Rescue InsuranceAll trek organizers, including Earthbound Expeditions, have an agreement in Kathmandu that guarantees payment for helicopter evacuations. They pay a cash deposit to the helicopter operator and collect the money from you once you have been rescued. And the reimbursement responsibility from your insurance company is gone up to you. Be sure your policy specifically covers helicopter evacuation. Also check that your insurance policy does not exclude mountaineering or alpinism or you may have a difficult time settling a claim. Earthbound Expeditions can facilitate optional emergency helicopter rescue insurance in Nepal also.
Helicopter RescueThere are a few reliable medical posts in the hills, such as the Himalayan Rescue Association (HRA) posts at Pheriche and Manang, and the Khunde Hospital which are all staffed by Western doctors. However, most accidents or illnesses will occur in the absence of reliable medical care. If you find yourself ill or injured in the mountains, here are the steps Earthbound Expeditions will take to rescue you.
If altitude sickness is suspected, our staff will descend with the victim immediately. For the more serious medical problems emergency helicopter rescues will be arranged by Earthbound Expeditions. If helicopter landing is not possible, it may be necessary to transport the patient to a place where it is possible to land the helicopter.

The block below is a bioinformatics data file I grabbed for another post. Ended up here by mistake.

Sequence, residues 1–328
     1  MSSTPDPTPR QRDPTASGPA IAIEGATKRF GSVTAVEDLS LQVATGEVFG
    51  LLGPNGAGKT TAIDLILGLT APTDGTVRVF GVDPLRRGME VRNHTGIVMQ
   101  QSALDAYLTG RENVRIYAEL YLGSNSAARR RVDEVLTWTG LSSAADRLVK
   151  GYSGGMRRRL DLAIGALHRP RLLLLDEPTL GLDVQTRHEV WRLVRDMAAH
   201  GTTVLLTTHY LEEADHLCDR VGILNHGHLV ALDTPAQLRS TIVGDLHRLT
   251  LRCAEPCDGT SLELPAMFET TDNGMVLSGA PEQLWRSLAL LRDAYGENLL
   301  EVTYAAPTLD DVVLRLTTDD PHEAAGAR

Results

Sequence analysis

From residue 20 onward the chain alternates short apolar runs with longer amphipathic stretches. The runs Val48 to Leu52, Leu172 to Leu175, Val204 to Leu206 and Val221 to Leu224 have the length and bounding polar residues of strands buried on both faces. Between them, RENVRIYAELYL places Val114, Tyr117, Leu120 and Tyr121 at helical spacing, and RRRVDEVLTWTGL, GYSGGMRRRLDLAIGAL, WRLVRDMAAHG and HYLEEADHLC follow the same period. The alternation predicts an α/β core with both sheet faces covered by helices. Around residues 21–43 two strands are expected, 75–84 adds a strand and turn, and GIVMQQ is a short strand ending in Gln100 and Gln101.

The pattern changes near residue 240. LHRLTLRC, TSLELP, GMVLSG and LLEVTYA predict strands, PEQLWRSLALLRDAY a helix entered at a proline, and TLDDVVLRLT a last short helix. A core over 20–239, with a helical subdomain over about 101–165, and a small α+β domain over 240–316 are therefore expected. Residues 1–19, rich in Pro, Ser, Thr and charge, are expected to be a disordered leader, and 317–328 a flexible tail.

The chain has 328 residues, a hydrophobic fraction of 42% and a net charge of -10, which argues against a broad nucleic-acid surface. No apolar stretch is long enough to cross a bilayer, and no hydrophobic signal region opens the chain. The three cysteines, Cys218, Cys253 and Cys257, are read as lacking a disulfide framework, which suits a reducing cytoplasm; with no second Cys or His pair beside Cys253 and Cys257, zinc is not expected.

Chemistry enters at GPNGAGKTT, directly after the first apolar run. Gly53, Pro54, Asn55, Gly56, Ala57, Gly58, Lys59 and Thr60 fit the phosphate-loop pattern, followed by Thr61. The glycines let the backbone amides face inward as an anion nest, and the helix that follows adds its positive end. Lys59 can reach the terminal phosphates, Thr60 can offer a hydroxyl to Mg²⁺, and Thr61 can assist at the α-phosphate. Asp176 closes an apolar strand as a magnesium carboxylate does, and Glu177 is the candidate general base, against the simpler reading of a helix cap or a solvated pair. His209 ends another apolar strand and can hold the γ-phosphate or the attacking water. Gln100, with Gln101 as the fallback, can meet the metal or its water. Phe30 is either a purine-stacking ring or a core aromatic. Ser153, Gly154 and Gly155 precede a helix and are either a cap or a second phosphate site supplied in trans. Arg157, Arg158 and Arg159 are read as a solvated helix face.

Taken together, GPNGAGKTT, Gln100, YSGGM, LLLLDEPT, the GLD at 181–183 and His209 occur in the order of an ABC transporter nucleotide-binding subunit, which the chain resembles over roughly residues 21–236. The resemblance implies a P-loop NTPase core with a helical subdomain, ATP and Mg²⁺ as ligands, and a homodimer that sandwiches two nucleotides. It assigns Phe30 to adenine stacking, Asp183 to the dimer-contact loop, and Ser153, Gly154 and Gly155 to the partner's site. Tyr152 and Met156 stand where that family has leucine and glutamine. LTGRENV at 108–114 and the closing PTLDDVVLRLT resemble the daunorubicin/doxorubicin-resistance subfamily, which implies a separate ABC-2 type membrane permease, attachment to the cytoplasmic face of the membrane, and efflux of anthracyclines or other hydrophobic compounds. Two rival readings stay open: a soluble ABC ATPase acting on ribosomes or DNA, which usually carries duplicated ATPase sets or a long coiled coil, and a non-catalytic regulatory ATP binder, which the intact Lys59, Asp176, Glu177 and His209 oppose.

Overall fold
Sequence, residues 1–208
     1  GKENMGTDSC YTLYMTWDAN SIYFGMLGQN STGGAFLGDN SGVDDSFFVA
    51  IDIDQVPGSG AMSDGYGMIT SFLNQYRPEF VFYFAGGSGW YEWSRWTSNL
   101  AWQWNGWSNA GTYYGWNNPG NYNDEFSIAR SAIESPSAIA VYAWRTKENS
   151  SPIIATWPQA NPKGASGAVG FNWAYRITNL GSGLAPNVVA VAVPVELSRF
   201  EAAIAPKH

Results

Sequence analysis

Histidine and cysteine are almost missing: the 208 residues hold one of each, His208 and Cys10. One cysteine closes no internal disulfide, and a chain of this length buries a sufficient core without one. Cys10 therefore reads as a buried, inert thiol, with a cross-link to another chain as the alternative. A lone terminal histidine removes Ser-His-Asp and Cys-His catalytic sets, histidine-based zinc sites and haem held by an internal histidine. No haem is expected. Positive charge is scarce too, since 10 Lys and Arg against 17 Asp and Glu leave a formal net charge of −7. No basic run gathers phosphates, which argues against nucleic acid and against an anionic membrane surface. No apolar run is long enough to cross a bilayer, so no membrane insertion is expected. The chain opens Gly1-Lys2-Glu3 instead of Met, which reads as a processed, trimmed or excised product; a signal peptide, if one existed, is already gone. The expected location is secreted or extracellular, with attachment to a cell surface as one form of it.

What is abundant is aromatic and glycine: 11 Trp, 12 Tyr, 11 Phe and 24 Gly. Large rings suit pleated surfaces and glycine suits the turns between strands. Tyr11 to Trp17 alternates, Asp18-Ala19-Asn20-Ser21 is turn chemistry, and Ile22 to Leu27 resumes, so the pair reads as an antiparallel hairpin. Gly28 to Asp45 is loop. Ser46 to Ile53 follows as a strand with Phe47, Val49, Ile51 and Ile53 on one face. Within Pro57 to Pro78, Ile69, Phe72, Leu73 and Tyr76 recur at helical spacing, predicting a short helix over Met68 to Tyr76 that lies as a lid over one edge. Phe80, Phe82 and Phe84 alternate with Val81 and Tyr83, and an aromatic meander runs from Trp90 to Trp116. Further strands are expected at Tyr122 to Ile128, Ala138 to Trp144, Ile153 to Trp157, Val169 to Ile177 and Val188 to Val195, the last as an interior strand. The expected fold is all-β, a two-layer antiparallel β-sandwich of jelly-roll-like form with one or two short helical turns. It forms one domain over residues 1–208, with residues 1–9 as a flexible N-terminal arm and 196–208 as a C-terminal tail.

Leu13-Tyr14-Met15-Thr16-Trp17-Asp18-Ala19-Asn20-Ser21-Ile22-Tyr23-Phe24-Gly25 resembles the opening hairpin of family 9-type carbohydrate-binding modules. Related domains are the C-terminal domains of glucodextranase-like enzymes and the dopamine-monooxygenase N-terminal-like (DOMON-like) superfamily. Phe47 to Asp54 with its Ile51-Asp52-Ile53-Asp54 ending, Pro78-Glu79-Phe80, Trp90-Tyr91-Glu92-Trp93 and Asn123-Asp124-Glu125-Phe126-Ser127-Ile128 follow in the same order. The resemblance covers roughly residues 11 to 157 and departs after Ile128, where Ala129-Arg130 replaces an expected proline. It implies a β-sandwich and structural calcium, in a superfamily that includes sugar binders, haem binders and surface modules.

Guaranteeing PaymentHelicopter rescue services will rarely come to your aid without you either making a cash deposit or a promise in Kathmandu. If you are trekking with Earthbound Expeditions we will arrange the rescue and initial payments, but the victim is responsible for reimbursing the cost of the flight. Again, make sure you have insurance covering emergency helicopter rescue.
Note: You have to come with sense of adventure and humor to enjoy the trek in the mountains. No luxury it is all adventure.
Clothing List - This what we recommendFor the trek please find the list of things that is better to carry. This is general listing please let me know if you have further questions. Back pack (water proof), big for porter and 1 small for you ( Day pack) Money belt
CLOTHINGS Clothing should be normally light capable of providing enough warmth Preferable dark colors so that dirt is not easily remarkable.
Shirts long sleeved made of wool or flannel - 2
5 pairs of nice socks, muffler -1
one pair of nice gloves
Pair of sandal with back strap -1
One pair of hiking boots and one pair of sports shoes / Sandle
Under garments - 8
Woolen sweeter with highnkeck -1, cap -1
pants loose fitting - 2
Night wears - 1
T- shirts- 2 and down jacket / wind breaker jackets , sleeping bag ( incase you don't have you can buy or hire here in Kathmandu)
Sun block cream, Tooth paste and brush, Soap
Wide tooth comb, Lip balm
Video and steel camera with extra batteries
Torch with batteries
Music cassettes / walkman
Sun glass with retainer (thread / chain)-1
500 ml. thermos flask foldable with mug cover (?)
One or 1.5 litre water bottle
Swiss army Knife
FIRST AID MEDICAL KITS
We recommend you to consult your own doctor before you start the trip and bring the medications as per his/ her advice. However following items are worth full to bring.
Eye drops for burning eyes
Motion sickness and high altitude sickness medicine